Christian Scholarship Led me to Reject Christianity

One of the reasons I have rejected Christianity is that I studied the Bible. That's right. I studied the Bible. As I did so, I didn't just read works published by Zondervan or InterVarsity Press. I read the works by Christian scholars from a wide variety of scholarly sources. I didn't read atheist works about the Bible so much as I mainly read scholarly Christian literature. What Christian scholars wrote led me to reject Christianity. For those of you who read my "Letter to Dr. James Strauss" in my book, you know some of the books I read, and almost every book I mentioned (and there were plenty I didn't) was written by a Christian, or someone within the Christian tradition.

Now as we approach the Christmas season, Let's see what Christian scholarship says about the infancy birth narratives. Raymond Brown is the author of the massive 752 page book titled, Birth of the Messiah (updated 1999), and "Gospel Infancy Narrative Research from 1976 to 1986" (CBQ 48: 469–83, 661–80). Here are four points about the contents of Matthew and Luke that Brown mentioned in the Anchor Bible Dictionary (1996) ["Infancy Narratives in the NT Gospels"] (emphasis is mine):

(1) [Brown discusses the agreements between Matthew and Luke’s gospels, but those are obvious and not part of my point]

(2) Matthew and Luke disagree on the following significant points. In chap. 1, the Lucan story of John the Baptist (annunciation to Zechariah by Gabriel, birth, naming, growth) is absent from Matthew. According to Matthew, Jesus’ family live at Bethlehem at the time of the conception and have a house there (2:11); in Luke, they live at Nazareth. In Matthew, Joseph is the chief figure receiving the annunciation, while in Luke, Mary is the chief figure throughout. The Lucan visitation of Mary to Elizabeth and the Magnificat and Benedictus canticles are absent from Matthew. At the time of the annunciation, Mary is detectably pregnant in Matthew, while the annunciation takes place before conception in Luke. In chap. 2 in each gospel, the basic birth and postbirth stories are totally different to the point that the two are not plausibly reconcilable. Matthew describes the star, the magi coming to Herod at Jerusalem and to the family house at Bethlehem, the magi’s avoidance of Herod’s plot, the flight to Egypt, Herod’s slaughter of Bethlehem children, the return from Egypt, and the going to Nazareth for fear of Archelaus. Luke describes the census, birth at a stable(?) in Bethlehem because there was no room at the inn, angels revealing the birth to shepherds, the purification of Mary and the presentation of Jesus in the temple, the roles of Simeon and Anna, and a peaceful return of the family to Nazareth.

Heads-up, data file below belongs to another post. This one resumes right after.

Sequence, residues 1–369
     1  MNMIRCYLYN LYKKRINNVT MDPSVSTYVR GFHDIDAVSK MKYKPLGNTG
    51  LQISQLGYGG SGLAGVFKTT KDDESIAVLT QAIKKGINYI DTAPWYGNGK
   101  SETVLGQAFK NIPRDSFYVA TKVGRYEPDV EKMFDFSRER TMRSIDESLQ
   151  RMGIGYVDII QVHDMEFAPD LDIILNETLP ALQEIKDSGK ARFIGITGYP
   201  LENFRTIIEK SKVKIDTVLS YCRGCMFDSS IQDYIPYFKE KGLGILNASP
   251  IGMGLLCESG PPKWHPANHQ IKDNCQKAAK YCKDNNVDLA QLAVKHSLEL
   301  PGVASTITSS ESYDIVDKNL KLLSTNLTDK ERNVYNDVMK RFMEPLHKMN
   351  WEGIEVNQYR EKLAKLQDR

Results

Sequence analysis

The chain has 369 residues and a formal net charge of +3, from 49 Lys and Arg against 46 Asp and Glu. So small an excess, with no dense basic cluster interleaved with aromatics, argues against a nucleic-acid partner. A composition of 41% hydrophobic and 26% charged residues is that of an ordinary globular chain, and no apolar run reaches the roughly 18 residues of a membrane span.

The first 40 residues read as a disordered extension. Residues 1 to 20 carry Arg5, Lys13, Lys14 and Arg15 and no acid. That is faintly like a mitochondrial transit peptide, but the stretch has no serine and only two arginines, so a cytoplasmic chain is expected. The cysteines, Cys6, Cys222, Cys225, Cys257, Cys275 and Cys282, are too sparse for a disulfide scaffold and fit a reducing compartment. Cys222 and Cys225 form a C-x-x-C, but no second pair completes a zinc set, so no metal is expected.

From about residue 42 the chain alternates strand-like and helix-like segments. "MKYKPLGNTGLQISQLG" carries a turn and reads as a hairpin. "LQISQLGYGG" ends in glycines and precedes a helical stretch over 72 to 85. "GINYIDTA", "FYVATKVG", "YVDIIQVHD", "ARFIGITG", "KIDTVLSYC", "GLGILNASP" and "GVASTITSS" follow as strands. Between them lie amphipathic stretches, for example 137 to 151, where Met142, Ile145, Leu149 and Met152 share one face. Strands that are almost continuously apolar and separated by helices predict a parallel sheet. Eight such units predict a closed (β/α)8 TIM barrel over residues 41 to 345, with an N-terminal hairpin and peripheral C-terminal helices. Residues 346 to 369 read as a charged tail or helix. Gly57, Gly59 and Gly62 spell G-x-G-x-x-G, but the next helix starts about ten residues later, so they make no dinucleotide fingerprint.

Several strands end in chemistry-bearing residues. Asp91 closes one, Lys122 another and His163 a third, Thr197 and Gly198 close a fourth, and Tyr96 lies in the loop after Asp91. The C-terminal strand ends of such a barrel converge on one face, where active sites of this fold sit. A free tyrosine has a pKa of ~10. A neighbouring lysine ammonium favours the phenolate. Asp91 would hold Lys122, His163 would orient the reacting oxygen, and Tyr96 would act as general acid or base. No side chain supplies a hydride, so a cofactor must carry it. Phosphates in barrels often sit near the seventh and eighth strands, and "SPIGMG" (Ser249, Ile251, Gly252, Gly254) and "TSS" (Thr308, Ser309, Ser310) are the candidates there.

(3) None of the significant information found in the infancy narrative of either gospel is attested clearly elsewhere in the NT.In particular, the following items are found only in the infancy narratives. (a) The virginal conception of Jesus, although a minority of scholars have sought to find it implicitly in Gal 4:4 (which lacks reference to a male role), or in Mark 6:3 (son of Mary, not of Joseph), or in John 1:13 (“He who was born . . . not of the will of man”—a very minor textual reading attested in no Gk ms). (b) Jesus’ birth at Bethlehem, although some scholars find it implicitly in John 7:42 by irony. (c) Herodian knowledge of Jesus’ birth and the claim that he was a king. Rather, in Matt 14:1–2, Herod’s son seems to know nothing of Jesus. (d) Wide knowledge of Jesus’ birth, since all Jerusalem was startled (Matt 2:3), and the children of Bethlehem were killed in search of him. Rather, in Matt 13:54–55, no one seems to know of marvelous origins for Jesus. (e) John the Baptist was a relative of Jesus and recognized him before birth (Luke 1:41, 44). Rather, later John the Baptist seems to have no previous knowledge of Jesus and to be puzzled by him (Luke 7:19; John 1:33).